North Korea nuclear crisis

Donald Trump hopes for ‘world peace’ as he announces he will meet North Korea’s Kim Jong-un in Singapore in June

But the swiftness in the development of events concerning North Korea has analysts anticipating potentially historic outcomes

PUBLISHED : Thursday, 10 May, 2018, 10:46pm
UPDATED : Friday, 11 May, 2018, 6:13am

US President Donald Trump announced on Twitter Thursday morning that his “highly anticipated” meeting with North Korean leader Kim Jong-un would take place in Singapore on June 12, saying that they will try to make the summit “a very special moment for World Peace”. 

Trump tweeted his announcement about seven hours after he welcomed three Americans who had been held in North Korea when they returned to the US at Joint Base Andrews, a military base in Maryland, early Thursday morning.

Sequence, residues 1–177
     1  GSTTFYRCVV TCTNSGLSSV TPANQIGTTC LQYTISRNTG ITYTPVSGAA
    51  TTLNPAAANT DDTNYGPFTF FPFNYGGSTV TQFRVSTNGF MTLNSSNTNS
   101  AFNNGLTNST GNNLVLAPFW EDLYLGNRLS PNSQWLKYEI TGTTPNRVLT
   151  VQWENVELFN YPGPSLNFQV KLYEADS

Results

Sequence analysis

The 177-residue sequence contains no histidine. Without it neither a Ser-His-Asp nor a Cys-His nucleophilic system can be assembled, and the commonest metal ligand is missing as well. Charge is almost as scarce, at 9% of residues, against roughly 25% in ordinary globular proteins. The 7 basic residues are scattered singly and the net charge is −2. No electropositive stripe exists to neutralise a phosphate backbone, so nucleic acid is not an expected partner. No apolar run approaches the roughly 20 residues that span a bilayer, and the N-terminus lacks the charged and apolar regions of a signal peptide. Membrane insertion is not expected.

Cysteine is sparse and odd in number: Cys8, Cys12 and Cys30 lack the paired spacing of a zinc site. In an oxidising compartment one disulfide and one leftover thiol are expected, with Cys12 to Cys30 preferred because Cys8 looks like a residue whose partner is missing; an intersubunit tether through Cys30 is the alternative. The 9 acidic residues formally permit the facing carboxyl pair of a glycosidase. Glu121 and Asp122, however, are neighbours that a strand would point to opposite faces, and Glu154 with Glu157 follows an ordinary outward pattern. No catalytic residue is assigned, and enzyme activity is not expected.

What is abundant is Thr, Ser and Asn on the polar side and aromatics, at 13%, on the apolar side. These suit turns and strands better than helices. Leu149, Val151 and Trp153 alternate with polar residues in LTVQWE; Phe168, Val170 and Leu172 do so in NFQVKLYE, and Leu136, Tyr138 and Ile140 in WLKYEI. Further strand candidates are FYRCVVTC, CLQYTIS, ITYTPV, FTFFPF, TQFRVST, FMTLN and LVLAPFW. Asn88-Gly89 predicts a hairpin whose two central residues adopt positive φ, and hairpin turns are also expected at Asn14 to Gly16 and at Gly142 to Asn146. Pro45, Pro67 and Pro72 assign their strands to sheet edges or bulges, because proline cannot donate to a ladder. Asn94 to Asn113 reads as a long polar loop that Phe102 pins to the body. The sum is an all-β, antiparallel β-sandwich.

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The US president said he hoped to reach a deal with Kim on North Korea’s denuclearisation that could exceed people’s expectations. 

“We will see if we can do something that people did not think was going to happen for many, many years,” Trump said during his remarks at the arrival of the released Americans, Kim Dong-chul, Kim Sang-duk and Kim Hak-song. 

Trump – who will be the first sitting president to meet a North Korean leader – said that he favoured holding the meeting at the demilitarised zone separating the Koreas, but that most of his advisers argued for holding it at Singapore. 

A spokeswoman at Singapore's embassy in Washington told the South China Morning Post that Singapore was “pleased” to host the meeting, adding: “We hope this meeting will advance prospects for peace in the Korean Peninsula.”

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The date and location of the summit are believed to have been finalised during US Secretary of State Mike Pompeo’s second trip to North Korea earlier this week to firm up Trump’s agenda for his meeting with Kim. 

After his meeting with Kim, Pompeo told reporters when he arrived at Yokota Air Base in Japan on Wednesday that the two had “a good and lengthy conversation” in preparation for the summit.